The San Diego Chargers visit the Kansas City Chiefs in a division matchup that could jump-start either team's season.
The Chiefs swept the Chargers last year, winning both games, though the weather looks to be better this weekend than the last time these teams met at Arrowhead Stadium. The Chiefs beat the Chargers in Kansas City, 10-3, but the game was played in a torrential downpour. The running attacks of both teams needed to be good last year and both will be looking to control the football in this contest as well. That might not be as easy for the Chiefs as they would have liked.
The Chiefs' running game ended the 2015 campaign in solid shape even though four-time Pro-Bowl running back Jamaal Charles was on the shelf with a torn ACL in his right knee. The injury happened in Week 5, so many in the organization thought Charles would be ready to play in the 2016 opener. Those plans may be tempered against the Chargers on Sunday.
Charles will likely miss the season-opening game, Chiefs coach Andy Reid said Friday.
"He's probably not going to play," Reid told reporters when talking about his running back.
The Chiefs kept four running backs on the 53-man active roster with Charles still ailing. The tandem of Charcandrick West and Spencer Ware held up their end of the bargain in 2015. The running backs combined for 1,037 yards and 10 touchdowns.
The Chiefs kept Knile Davis, primarily a kickoff returner, as the fourth tailback as insurance in case Charles is not healthy enough to play against the Chargers.
Ware is the likely starter with West and Davis also available.
"They'll all play," Reid said. "We have some personnel groupings so we'll see how that goes. You could probably say that (Ware will start) but it depends on the personnel groups so don't hold me accountable."
The Chargers have a new-look defensive line to take on those running backs. The Chargers' first-round selection in the 2016 draft was defensive end Joey Bosa, and his defensive linemates will be tasked with trying to contain the Chiefs' running attack.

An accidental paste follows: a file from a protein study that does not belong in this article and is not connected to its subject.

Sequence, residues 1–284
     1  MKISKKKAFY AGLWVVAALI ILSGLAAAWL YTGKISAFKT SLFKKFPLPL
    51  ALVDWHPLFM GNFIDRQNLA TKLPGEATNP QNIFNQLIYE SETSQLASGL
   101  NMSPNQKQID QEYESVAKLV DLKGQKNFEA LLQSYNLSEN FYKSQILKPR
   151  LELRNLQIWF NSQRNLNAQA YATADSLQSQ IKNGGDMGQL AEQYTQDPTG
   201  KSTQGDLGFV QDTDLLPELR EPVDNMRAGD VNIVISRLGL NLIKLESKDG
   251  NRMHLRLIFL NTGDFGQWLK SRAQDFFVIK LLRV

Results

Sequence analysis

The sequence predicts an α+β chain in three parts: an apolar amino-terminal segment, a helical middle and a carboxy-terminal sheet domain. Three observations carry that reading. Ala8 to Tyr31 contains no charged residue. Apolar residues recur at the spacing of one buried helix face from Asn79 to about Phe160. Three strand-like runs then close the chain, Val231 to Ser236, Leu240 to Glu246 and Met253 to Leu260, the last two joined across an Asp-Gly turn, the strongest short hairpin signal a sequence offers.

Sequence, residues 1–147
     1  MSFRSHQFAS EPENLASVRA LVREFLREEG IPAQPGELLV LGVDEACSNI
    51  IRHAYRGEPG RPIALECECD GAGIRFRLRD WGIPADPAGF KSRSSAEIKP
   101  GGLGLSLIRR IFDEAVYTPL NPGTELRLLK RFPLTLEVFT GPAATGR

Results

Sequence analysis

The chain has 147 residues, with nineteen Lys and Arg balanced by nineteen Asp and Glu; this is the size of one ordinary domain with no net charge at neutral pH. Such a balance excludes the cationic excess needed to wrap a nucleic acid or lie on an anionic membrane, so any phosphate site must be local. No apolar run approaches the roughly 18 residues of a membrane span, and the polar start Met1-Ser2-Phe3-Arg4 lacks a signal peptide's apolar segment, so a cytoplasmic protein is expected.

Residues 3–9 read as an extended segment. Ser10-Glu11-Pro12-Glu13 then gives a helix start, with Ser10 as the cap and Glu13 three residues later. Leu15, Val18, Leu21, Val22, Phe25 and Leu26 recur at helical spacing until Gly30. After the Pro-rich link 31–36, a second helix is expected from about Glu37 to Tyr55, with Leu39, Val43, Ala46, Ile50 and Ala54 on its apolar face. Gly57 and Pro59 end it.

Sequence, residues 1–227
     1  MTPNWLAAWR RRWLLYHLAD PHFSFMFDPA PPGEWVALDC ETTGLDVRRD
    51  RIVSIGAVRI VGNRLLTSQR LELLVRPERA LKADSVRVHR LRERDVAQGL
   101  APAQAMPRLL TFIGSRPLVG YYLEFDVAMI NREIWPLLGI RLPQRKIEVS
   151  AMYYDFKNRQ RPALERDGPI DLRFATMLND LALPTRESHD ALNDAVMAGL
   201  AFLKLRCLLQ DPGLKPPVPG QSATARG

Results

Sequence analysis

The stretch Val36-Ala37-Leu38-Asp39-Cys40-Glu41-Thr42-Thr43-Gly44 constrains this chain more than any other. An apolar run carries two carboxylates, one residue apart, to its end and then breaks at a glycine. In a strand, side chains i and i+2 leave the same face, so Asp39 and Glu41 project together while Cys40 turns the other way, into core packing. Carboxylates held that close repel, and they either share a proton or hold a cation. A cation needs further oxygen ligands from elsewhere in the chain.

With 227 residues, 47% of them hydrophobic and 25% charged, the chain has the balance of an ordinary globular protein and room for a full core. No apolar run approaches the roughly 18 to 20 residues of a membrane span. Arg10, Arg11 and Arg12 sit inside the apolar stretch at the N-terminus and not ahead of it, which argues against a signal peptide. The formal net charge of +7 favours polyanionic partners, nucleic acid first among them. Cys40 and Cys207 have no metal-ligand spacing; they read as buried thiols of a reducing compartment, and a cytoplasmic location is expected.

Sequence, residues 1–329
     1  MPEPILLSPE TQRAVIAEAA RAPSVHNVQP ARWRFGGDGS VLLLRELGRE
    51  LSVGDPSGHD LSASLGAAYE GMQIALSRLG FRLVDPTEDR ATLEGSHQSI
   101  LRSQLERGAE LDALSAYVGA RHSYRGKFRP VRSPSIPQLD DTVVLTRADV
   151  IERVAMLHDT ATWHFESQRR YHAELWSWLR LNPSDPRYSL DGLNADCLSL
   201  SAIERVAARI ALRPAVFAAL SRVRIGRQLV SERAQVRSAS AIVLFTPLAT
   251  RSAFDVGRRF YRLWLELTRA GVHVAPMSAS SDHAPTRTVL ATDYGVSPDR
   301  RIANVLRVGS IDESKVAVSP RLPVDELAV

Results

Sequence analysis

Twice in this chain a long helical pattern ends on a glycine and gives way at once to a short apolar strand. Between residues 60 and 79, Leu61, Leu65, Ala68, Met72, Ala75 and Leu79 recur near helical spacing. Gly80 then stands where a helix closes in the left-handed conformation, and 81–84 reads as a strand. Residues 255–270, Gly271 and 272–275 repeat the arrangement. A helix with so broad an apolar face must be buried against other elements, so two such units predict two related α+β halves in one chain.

Bosa started practice this week with his leg wrapped, observing from the sideline, and is not expected to play.
The starting nod goes to second-year defensive end Darius Philon. The former Arkansas Razorback is powerful with his hands and is strong at the point of attack. Philon is solid against the run when lined up next to nose tackle Brandon Mebane. Since the Chargers run a 3- 4 base defense, the nose tackle position is critical to eat up the blocks of the center and at least one of the offensive guards. That is a talent at which Mebane excels.
With Mebane occupying two blockers, this should free up starting inside linebackers Manti Te'o and Denzel Perryman to have clear paths to the Chiefs' ball carriers. If Te'o and Perryman fill the running lanes and tackle with force, the Chargers should be able to force the Chiefs into passing the football more than they would like.
That's where Bosa enters the picture. The Chargers lacked consistent pressure on quarterbacks in 2015. Bosa, along with outside linebackers Melvin Ingram and Jerry Attaochu or Kyle Emanuel, will be rushing the edges against free-agent right tackle Mitchell Schwartz and newly-paid left tackle Eric Fisher. The revamped offensive line must keep quarterback Alex Smith clean in the pocket. The pass rushers of the Chargers hope this offensive line is as leaky as last year's when the front five gave up 45 sacks on the season. Bosa, Ingram, Attaochu and Emanuel must get to Smith in the backfield if the Chargers hope to win the game.
Chargers quarterback Philip Rivers has never lacked confidence. Even with the Chargers coming off a 4-12 campaign and not winning a single AFC West contest, the signal-caller still believes in his squad.
"We believe in here that we can go from the very bottom to winning the division," said Rivers about the team's plan to rebound from a year ago.
The difference must begin with Rivers and a much-maligned offense. This was an offense that was so poor in 2015 that most of the offensive staff was fired.
Newly installed offensive coordinator Ken Whisenhunt needs to find a way to protect Rivers and establish a running game with Melvin Gordon. A 2015 rookie who had a very productive college career at Wisconsin, Gordon has yet to score a NFL touchdown or even rush for 100 yards in a game.
Rivers has a new pass-catcher in wide receiver Travis Benjamin to complement Keenan Allen. This duo needs to be active outside the hash marks against the young cornerbacks of the Chiefs. Both Steven Nelson and Marcus Peters are second-year players who are aggressive, but can be beaten deep. Phillip Gaines is also expected to see time at cornerback opposite Peters.